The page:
Physicists have unraveled how certain wind-driven sand dunes in Morocco and Peru apparently tunnel through slower dunes.
Barchan dunes are massive, crescent-shaped sand piles that move across wind-swept deserts at speeds up to tens of meters per year. Because smaller dunes outpace bigger dunes and eventually appear in front of them, the small dunes seem to be punching through big ones.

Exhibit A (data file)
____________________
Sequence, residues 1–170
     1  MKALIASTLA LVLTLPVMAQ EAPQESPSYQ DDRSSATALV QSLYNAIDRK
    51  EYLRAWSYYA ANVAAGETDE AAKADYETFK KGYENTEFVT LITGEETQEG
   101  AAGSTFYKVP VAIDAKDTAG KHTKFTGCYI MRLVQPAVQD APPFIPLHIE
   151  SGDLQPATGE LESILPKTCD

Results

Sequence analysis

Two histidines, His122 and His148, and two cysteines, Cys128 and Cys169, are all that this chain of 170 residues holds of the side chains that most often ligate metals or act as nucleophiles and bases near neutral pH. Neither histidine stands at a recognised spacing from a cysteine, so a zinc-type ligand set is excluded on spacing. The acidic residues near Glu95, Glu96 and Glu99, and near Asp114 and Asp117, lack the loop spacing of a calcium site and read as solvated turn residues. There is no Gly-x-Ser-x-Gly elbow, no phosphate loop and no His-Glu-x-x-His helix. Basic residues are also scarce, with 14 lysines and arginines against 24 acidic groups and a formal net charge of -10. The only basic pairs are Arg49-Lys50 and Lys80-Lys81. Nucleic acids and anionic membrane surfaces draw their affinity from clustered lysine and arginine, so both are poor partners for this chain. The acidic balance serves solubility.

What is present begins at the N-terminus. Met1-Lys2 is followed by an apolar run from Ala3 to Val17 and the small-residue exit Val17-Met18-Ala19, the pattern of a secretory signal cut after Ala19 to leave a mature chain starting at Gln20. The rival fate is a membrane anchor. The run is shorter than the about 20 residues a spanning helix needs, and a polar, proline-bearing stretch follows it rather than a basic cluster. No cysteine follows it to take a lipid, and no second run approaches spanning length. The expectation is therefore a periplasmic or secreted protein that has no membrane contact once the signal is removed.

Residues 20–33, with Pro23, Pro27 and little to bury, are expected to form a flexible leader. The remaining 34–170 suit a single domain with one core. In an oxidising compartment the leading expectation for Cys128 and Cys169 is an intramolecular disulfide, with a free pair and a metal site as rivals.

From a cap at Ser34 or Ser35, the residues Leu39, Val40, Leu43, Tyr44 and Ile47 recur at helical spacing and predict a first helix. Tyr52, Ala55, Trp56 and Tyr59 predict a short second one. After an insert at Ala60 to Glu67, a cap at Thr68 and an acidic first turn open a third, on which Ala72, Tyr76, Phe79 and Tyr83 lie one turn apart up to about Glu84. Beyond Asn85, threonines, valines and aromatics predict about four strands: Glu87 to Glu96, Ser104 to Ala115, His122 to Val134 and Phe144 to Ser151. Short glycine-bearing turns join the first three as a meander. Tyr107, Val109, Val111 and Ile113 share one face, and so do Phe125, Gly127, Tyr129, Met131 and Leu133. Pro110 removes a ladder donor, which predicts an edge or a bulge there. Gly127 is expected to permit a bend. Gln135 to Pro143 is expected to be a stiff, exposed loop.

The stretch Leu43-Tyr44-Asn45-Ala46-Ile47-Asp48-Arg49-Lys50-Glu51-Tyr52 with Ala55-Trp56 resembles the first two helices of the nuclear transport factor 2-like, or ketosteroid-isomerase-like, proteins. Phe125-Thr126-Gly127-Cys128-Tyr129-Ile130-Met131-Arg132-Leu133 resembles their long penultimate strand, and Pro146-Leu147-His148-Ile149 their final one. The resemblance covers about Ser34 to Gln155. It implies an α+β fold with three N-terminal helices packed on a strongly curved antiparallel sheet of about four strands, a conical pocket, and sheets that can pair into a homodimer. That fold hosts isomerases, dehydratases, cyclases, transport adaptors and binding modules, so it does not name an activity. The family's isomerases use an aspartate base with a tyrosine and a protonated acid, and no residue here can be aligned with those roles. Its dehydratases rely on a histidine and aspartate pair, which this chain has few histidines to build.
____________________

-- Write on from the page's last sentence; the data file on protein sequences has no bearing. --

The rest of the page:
Such behavior has precedents: Solitary waves of light, sound, or water that pass directly through each other are known as solitons (SN: 11/20/99, p.327). Now, a new mathematical model for wind-driven sand, as well as computer simulations of the same, reveal that one Barchan dune can, indeed, act as a soliton and pass through a slower-moving dune.